Still Time to Color Our Collections

Even if you missed the chance last week to participate in #ColorOurCollections, a coloring extravaganza organized by The New York Academy of Medicine Library, there’s still time to join in the fun. More than 100 libraries, museums, and other cultural institutions around the world produced coloring sheets for the initiative … Continue reading

Religious Affections in Colonial North America

In 1746, Jonathan Edwards—the famous preacher, theologian, and philosopher of the Great Awakening—tried to sort through the wide variety of experiences that doubt and faith can generate. Some experiences should be trusted as signs of grace, he argued; others, less so. Either way, Edwards remained emphatic about the importance of … Continue reading

Robert Seymour, 19th-Century Political Cartoonist

The Huntington possesses a trove of images from the golden age of British caricature—most notably by artists Thomas Rowlandson (1756–1827) and Isaac Cruikshank (1764–1811). It also owns some gems by Robert Seymour (1798–1836), an illustrator whose fame grew around the time of Rowlandson’s death. Today, Seymour is probably best known … Continue reading

Knowing the Earth, Then and Now

We denizens of the 21st century have numerous ways to learn about our planet: seismographs, submersibles, and airborne snow observatories cover every continent. Some of the most remote Earth science instruments are the satellites that circle our globe to gather data about droughts, hurricanes, and tectonic shifts. NASA/Jet Propulsion Laboratory’s … Continue reading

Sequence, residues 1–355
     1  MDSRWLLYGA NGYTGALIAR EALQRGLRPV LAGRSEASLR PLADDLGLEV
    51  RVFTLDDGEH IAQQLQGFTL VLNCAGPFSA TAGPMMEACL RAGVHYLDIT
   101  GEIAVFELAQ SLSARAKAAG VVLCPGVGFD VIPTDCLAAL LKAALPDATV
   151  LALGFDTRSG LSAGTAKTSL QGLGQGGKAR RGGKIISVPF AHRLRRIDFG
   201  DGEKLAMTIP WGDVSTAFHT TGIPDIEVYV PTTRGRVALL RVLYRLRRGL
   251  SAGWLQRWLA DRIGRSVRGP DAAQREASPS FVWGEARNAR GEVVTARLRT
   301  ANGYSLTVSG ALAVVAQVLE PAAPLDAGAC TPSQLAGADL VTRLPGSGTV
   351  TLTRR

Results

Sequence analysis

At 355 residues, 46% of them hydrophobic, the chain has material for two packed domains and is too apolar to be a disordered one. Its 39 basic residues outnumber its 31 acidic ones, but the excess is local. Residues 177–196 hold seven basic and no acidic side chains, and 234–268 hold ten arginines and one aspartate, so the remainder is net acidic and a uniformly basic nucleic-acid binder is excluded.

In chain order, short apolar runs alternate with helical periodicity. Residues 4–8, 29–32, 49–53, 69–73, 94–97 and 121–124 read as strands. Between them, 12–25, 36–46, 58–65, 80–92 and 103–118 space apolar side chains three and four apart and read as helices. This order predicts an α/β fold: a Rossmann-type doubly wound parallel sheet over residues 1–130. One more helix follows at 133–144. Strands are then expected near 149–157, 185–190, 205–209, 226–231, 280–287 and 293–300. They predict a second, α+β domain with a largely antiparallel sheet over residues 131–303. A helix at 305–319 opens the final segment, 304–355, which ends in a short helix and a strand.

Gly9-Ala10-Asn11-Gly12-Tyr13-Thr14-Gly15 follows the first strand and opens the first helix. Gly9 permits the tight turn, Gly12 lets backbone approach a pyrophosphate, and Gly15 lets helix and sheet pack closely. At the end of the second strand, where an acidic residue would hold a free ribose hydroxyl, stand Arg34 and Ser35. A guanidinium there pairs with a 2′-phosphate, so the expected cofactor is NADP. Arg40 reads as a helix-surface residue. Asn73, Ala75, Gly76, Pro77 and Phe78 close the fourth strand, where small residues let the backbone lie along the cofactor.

Preserving Parks for People

“Geographies of Wonder: Evolution of the National Park Idea, 1933–2016,” an exhibition in the Library’s West Hall, examines how the idea of national parks evolved over time. Two images at the entrance bookend the history of the park system, which celebrates its 100th anniversary this year. One is a full-color rendering … Continue reading

Ben Jonson’s Readers

The poet and playwright Ben Jonson (1572–1637) was exceptionally concerned with literary posterity. His most ambitious publication was the folio collection of his Works that appeared 400 years ago this year. Through this monumental book, Jonson attempted to ensure that future generations would read and appreciate his plays, poems, and … Continue reading